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    New to raw - food aggression help URGENT

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    Giselle

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    Re: New to raw - food aggression help URGENT

    Post  Giselle on Sat Jul 04, 2009 4:01 pm

    Thanks for allowing us all to explain in detail, Kally.

    For the APO - average pet owner - it can be hard to figure out how to evaluate training methods for safety, effectiveness, respect for the dog, and long term effects on behavior.

    Anyone is quite welcome to PM or email me for further discussion or information.


    MissMolly

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    Location : Vernon

    Re: New to raw - food aggression help URGENT

    Post  MissMolly on Sun Jul 05, 2009 1:41 pm

    Sorry for opening such a can of worms.

    I replied yesterday but some how it never made it.

    So here goes again.

    Thanks Timothea for understanding where I am coming from.

    Di
    Let me explain Molly and her eating behavior.

    We have had her for a year now. So she was 2 when we got her.

    When I first give her her food I hold on to the food, let her eat and then get her to "leave it". I do this at least 3 or 4 times which she will do. If she doesn't I put her into a sit until she drops her food and will put her in time out. I can stand beside her and what she does is hunker down towards her food. I don't think she has ever growled at me. She will come to me when I call her, but she does bring her food.

    Once she gets into her food it is next to impossible to get her to leave it. I can get her to "leave it" if I other her a scrap from her food.

    Yes she did come with other issues.

    She gets very upset when left alone. She is getting much better with this I must say. I do take her to doggy day care once a week so she can get used of being away from me. I can leave her for about 5 or 6 hours and she is ok. When I come back and then go again she will come unglued. If she has spent a day with me gone I generally don't leave her the next day as she will not do well at all. If she is left for shorter periods of time I can come and go more often without her getting upset. We tried crating her when we first got her. Over a period of 2 months we worked up to her being in her crate for 8 hours. She never got used to the crate and when we came home one day and she had ripped of several bars of her metal cage we decided it was not worth it so we do leave her in the house. She was also a counter sufer when we are not home. We are working on this and she pretty much stays off the counters now. We are having a heck of a time keeping her from scratching at the screen door to come back in rather then barking. Not sure how to get her to bark rather then scrating at the screen.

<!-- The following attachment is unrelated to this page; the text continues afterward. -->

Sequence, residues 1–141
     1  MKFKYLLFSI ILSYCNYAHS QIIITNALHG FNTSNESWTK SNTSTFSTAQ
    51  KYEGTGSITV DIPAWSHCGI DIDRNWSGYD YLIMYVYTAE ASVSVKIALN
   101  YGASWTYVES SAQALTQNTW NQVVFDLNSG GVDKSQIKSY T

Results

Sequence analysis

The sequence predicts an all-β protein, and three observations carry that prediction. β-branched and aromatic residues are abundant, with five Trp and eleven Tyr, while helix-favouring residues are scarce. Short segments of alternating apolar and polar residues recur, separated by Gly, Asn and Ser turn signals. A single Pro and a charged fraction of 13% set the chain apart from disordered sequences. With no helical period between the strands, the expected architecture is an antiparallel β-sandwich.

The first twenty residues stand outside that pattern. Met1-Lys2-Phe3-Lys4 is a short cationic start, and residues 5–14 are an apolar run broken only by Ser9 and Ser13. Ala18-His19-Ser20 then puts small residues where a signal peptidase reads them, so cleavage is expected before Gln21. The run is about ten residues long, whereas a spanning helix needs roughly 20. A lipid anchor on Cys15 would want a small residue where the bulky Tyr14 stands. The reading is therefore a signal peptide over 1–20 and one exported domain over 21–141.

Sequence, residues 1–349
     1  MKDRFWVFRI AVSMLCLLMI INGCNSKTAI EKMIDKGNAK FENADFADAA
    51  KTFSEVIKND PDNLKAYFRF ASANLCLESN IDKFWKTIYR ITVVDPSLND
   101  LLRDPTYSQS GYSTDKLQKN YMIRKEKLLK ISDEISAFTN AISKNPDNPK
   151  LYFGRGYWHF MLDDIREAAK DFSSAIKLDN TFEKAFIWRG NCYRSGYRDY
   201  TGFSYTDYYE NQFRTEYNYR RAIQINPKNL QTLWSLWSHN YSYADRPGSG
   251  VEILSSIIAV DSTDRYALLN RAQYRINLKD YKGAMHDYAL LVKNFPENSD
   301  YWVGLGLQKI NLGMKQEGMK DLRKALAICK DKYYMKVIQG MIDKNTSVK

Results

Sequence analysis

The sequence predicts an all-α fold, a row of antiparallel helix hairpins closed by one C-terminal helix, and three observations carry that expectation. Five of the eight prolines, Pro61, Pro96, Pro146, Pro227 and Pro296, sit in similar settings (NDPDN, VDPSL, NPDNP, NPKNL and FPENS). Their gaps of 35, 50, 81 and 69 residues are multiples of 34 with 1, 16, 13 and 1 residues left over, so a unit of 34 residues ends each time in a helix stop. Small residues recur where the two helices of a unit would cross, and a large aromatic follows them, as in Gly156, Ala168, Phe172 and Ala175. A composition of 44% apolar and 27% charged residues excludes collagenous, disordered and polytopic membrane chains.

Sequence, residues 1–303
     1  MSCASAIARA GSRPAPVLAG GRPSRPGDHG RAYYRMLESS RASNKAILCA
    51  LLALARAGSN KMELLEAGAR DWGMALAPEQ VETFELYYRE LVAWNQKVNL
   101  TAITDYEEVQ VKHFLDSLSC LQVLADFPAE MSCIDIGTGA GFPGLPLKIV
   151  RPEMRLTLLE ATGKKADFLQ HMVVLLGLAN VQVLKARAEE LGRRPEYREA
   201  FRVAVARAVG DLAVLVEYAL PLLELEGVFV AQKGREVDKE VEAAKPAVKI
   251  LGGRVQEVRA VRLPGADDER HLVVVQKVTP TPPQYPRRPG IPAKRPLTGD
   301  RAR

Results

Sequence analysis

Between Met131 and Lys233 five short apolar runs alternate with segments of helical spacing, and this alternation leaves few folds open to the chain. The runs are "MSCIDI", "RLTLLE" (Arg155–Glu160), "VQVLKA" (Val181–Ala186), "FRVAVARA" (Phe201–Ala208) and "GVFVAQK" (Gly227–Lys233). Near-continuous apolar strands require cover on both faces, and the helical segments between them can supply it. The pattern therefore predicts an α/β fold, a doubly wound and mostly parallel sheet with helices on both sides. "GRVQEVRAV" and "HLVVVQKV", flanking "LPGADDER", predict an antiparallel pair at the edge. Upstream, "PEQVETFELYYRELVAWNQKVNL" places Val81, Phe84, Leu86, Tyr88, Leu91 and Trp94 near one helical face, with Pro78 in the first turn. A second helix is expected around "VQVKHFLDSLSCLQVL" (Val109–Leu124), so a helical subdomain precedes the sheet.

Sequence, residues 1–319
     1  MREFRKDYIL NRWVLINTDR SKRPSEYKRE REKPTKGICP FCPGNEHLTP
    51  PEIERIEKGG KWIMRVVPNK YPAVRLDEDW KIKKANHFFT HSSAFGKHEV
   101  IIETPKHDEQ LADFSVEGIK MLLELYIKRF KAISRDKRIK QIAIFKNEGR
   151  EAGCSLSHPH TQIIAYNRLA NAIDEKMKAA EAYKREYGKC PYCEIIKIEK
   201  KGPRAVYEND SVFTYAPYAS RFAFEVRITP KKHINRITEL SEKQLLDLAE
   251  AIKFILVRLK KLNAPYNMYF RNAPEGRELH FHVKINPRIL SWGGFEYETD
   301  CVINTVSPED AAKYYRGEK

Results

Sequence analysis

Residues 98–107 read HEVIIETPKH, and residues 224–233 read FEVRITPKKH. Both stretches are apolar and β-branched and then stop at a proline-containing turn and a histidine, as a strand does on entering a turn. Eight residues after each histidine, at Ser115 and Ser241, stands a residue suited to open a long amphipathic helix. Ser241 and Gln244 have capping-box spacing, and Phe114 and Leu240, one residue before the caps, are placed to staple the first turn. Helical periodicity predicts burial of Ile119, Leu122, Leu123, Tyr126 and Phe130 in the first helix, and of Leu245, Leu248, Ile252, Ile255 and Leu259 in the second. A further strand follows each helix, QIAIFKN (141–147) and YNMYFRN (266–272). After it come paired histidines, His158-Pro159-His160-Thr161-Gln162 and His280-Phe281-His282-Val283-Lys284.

I know it seems she have lots of "things" but truly she is the most social loving dog I have met. Much more social then Taz (cockapoo). She has never had a confortation with another dog, loves cats and people alike.

    I just want her to be the best she can be, so I need to be better.

    Thanks all for the different suggestions.

    Darla
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    Giselle

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    Re: New to raw - food aggression help URGENT

    Post  Giselle on Sun Jul 05, 2009 2:15 pm

    Darla, I don't know what to tell you - you seemingly are not open to other, more modern, scientific and humane methods and techniques of training - yet what you have been doing obviously isn't helping Molly.

    There are no magic pill or fairy godmother wand solutions to canine behavioral problems, just creative thinking, patience, TLC, understanding and plenty of hard work.

    I just want to add that by using aversive techniques and methods of punishment to 'correct' her out of her problem behaviors, you are adding to her anxiety and stress.

    Suppressed anxiety and chronic high adrenaline and cortisol levels can produce a broad spectrum of behavioral and health issues.